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"...The church of the living God, the pillar and ground of the truth."
I Timothy 3:15
From The Pulpit Cyclopedia, 1851
"Unto thee, O Lord, belongeth mercy."—Psalm 62:12
One of the most interesting characteristics of the Deity to fallen man is that of mercy. Angels may have noon-tide blessedness from the exercise of the divine goodness. But sinful dust and ashes overwhelmed with the misery of their state require the interposition of mercy.
Mercy in a certain sense may be considered a modification of the divine goodness, having for its objects, the guilty and the miserable. It differs from pity, as that may be called, forth by the wretchedness of those who have had no share in procuring their adversities. But mercy regards its objects as miserable through their own personal guilt, and voluntary transgression.
How delightful that the great and august Being we have been contemplating as holy, and just, and true, that unto him in an especial and infinite degree belongeth mercy! We might argue the divine mercifulness, from the benevolence of God, from the impress on the human conscience as to its excellency, and from the bounty which he is continually bestowing on the ungodly. But let us look at it as it is resplendently exhibited in the volume of eternal truth. Notice,
I. THE DECLARATIONS AND DESCRIPTIONS OF THE DIVINE MERCY WITH WHICH THE HOLY SCRIPTURES ABOUND.
He is the "Lord God merciful;" "Keeping mercy for thousands." His mercifulness is said to reach the heavens. He is "of great mercy;" "The Father of mercies;" "The God of all mercy." He is represented as "rich in mercy;" that he "delighteth in mercy." We read of "his tender mercy;" "the multitude of his mercies.” His mercies are said to be "over all his works," "and his mercy is from everlasting to everlasting." And it is reiterated in his Word, that his "mercy endureth for ever."
II. NOTICE SOME OF THE EXERCISES OF THE DIVINE MERCY.
It triumphed in the day of man's apostasy and ruin. It was exercised towards the most notorious sinners both in the Old and New Testament times. Manasseh, Nebuchadnezzar, the woman who was a sinner, the dying thief, Saul of Tarsus to the inhabitants of Nineveh, and to the sinners at Jerusalem. These are but a few out of the many instances of the exercise of the divine mercy. Observe,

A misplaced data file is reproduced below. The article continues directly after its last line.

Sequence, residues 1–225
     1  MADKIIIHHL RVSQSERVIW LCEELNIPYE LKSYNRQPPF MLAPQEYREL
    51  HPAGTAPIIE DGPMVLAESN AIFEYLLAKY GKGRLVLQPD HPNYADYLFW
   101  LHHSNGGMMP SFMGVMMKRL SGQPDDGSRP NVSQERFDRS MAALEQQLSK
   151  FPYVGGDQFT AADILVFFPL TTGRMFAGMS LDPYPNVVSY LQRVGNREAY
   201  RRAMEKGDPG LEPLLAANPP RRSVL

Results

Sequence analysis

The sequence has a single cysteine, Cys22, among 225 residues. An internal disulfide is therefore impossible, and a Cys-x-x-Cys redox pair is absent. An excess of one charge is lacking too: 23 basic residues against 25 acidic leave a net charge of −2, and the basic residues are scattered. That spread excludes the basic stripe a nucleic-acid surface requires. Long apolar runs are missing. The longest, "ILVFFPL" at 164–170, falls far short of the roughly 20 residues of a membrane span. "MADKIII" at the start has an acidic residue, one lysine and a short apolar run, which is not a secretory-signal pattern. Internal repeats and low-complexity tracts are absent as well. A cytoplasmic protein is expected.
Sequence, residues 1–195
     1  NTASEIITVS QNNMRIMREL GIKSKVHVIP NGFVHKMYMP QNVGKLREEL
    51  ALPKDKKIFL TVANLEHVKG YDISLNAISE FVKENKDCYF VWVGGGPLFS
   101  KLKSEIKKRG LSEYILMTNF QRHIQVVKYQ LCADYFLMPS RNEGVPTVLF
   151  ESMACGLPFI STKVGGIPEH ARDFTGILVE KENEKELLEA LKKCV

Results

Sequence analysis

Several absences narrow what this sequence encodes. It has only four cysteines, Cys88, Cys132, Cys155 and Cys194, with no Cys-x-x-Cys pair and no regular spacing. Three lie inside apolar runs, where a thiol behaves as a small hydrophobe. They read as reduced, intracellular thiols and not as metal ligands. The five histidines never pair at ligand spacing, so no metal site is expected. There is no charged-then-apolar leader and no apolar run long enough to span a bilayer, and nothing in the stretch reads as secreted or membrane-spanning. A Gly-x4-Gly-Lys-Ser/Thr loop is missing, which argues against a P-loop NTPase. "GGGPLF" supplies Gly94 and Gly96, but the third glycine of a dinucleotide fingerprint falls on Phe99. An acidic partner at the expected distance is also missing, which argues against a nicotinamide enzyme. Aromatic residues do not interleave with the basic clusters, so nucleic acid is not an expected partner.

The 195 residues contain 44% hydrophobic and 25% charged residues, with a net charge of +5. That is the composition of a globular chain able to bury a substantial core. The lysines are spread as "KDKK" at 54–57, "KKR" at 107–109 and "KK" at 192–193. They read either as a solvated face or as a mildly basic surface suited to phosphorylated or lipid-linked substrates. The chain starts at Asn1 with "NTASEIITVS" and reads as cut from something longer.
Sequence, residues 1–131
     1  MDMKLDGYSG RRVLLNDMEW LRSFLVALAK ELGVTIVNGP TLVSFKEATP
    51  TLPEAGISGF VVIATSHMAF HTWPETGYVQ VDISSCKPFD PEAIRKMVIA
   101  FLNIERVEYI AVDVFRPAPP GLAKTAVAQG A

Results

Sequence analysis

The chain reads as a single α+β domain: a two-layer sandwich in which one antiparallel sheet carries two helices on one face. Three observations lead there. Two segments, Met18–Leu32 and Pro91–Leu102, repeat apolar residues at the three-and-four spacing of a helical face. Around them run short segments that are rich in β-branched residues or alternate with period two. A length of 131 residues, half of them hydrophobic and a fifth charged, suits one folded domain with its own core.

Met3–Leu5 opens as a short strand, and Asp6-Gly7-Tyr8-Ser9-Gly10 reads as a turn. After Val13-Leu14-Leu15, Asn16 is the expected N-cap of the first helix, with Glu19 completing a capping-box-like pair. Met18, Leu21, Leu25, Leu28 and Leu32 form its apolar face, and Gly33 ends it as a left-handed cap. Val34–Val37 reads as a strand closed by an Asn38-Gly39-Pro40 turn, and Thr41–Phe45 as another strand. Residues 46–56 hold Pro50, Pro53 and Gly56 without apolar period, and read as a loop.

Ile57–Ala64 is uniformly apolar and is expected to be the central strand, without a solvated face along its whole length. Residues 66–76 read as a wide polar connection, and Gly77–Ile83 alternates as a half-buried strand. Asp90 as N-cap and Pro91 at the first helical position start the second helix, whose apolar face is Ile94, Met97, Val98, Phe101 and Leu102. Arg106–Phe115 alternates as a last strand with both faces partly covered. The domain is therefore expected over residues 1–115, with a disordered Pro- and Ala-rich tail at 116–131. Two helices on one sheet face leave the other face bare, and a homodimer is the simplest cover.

III. THE EMBODYMENT OF THE DIVINE MERCY IN THE PERSON OF THE REDEEMER.
He is emphatically "the mercy promised to the fathers." His mission was one of pure mercy. His incarnation was the advent of mercy. His offices were all identified with the intentions of mercy. His doctrines were doctrines of mercy. His invitations, yea, and even his warnings, were the rich displays of his mercy. His work in all its variety of duties was one great work of mercy. His miracles were miracles of mercy. His sufferings and death were for the opening of a wide and deep channel of mercy. His resurrection, and ascension, and pleading in heaven, are all essential to the communication of the divine mercy.
IV. THE PUBLICATION OF MERCY IN THE GLAD TIDINGS OF THE GOSPEL.
The gospel is the grand amnesty between God and a rebellious world; the revelation of his mercy in and through Jesus Christ. How merciful its provision—how merciful its addresses—how merciful its conditions—how free and universal is the mercy offered in the gospel! How vast the blessings of mercy which it publisheth! Mercy for giving, — healing, — renewing, — sanctifying,—comforting,— preserving, —sustaining,—upholding,—restraining,—and finally bestowing the crown of eternal life. Salvation in its origin, progress, and consummation, is entirely of the divine mercy.
1. The mercy of God is exercised in strict harmony with justice and holiness. It has been pertinently said, that justice seeks a fit object, mercy a fit occasion.
Justice looks to what is deserved; mercy to what is needed. Justice is never exercised unmercifully, nor mercy unjustly. God is infinitely just in punishing the incorrigible, and infinitely merciful in pardoning the penitent sinner. There is no clashing of interests in the exercise of the attributes of Deity.
2. We observe all men are the objects of the divine mercy. Equally needing it, and to whom it is equally announced. In a state of nature, guilt is the condition of every man, from the most moral to the most debased, and all must therefore have recourse to the fountain which mercy has opened for sin and uncleanness. As it is with sinners, so is it with saints. None are too holy to dispense with mercy. It must be by the exercise of divine mercy that their salvation must be carried on from the foundation-stone to the completion of the superstructure.
3. Mercy flows to all men through the same channel. God is merciful to no man abstractedly and alone, but to all through the mediation of the better and merciful covenant. In Christ mercy rejoiceth against judgment. In him "mercy and truth met together, and righteousness and peace kissed each other."
4. The mercy of God is ever associated with believing penitence and prayer; a penitence which is the forsaking of all sin, and the lowly returning of the soul to God. "Let the wicked forsake his ways," &c. "Whosoever confesseth and forsaketh his sin shall find mercy." How appropriate then the prayer of the psalmist, "Have mercy upon me, O God." And of the publican, "God be merciful to me a sinner."
5. The divine mercy towards us must be the model of our mercy towards our fellowmen; see Matt. 6: 14, also 18:28, &c.
6. The divine mercy will be celebrated in the anthems of the redeemed forever and ever.